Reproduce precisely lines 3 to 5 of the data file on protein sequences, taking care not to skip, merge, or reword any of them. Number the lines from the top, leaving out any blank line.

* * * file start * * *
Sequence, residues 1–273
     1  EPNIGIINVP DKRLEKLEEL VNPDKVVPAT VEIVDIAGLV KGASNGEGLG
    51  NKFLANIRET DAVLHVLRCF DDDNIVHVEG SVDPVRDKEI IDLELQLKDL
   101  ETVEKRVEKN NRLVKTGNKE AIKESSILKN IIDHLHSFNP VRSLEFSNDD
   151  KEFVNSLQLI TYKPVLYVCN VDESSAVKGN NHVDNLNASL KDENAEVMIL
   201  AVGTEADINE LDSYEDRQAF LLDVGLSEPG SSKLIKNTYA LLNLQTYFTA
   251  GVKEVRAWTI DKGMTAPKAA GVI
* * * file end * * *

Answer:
    51  NKFLANIRET DAVLHVLRCF DDDNIVHVEG SVDPVRDKEI IDLELQLKDL
   101  ETVEKRVEKN NRLVKTGNKE AIKESSILKN IIDHLHSFNP VRSLEFSNDD
   151  KEFVNSLQLI TYKPVLYVCN VDESSAVKGN NHVDNLNASL KDENAEVMIL